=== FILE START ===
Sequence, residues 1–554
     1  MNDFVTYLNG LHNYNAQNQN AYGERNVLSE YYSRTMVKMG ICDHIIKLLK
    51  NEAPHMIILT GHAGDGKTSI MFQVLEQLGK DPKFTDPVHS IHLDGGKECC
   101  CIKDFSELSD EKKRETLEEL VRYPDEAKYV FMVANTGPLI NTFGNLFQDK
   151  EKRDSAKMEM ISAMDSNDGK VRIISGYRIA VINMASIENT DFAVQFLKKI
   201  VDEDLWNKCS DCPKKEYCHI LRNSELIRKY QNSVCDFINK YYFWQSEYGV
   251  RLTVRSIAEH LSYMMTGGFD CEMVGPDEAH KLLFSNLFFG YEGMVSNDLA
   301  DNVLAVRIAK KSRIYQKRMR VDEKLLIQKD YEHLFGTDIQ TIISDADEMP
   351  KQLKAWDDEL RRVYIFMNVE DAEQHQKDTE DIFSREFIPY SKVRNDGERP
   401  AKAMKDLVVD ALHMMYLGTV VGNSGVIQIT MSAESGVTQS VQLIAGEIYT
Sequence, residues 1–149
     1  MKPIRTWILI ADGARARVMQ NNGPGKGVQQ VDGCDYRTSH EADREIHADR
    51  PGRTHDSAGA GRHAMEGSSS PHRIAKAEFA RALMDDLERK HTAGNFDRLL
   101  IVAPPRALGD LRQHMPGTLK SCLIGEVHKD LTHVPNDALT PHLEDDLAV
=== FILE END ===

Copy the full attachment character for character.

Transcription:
Sequence, residues 1–554
     1  MNDFVTYLNG LHNYNAQNQN AYGERNVLSE YYSRTMVKMG ICDHIIKLLK
    51  NEAPHMIILT GHAGDGKTSI MFQVLEQLGK DPKFTDPVHS IHLDGGKECC
   101  CIKDFSELSD EKKRETLEEL VRYPDEAKYV FMVANTGPLI NTFGNLFQDK
   151  EKRDSAKMEM ISAMDSNDGK VRIISGYRIA VINMASIENT DFAVQFLKKI
   201  VDEDLWNKCS DCPKKEYCHI LRNSELIRKY QNSVCDFINK YYFWQSEYGV
   251  RLTVRSIAEH LSYMMTGGFD CEMVGPDEAH KLLFSNLFFG YEGMVSNDLA
   301  DNVLAVRIAK KSRIYQKRMR VDEKLLIQKD YEHLFGTDIQ TIISDADEMP
   351  KQLKAWDDEL RRVYIFMNVE DAEQHQKDTE DIFSREFIPY SKVRNDGERP
   401  AKAMKDLVVD ALHMMYLGTV VGNSGVIQIT MSAESGVTQS VQLIAGEIYT
Sequence, residues 1–149
     1  MKPIRTWILI ADGARARVMQ NNGPGKGVQQ VDGCDYRTSH EADREIHADR
    51  PGRTHDSAGA GRHAMEGSSS PHRIAKAEFA RALMDDLERK HTAGNFDRLL
   101  IVAPPRALGD LRQHMPGTLK SCLIGEVHKD LTHVPNDALT PHLEDDLAV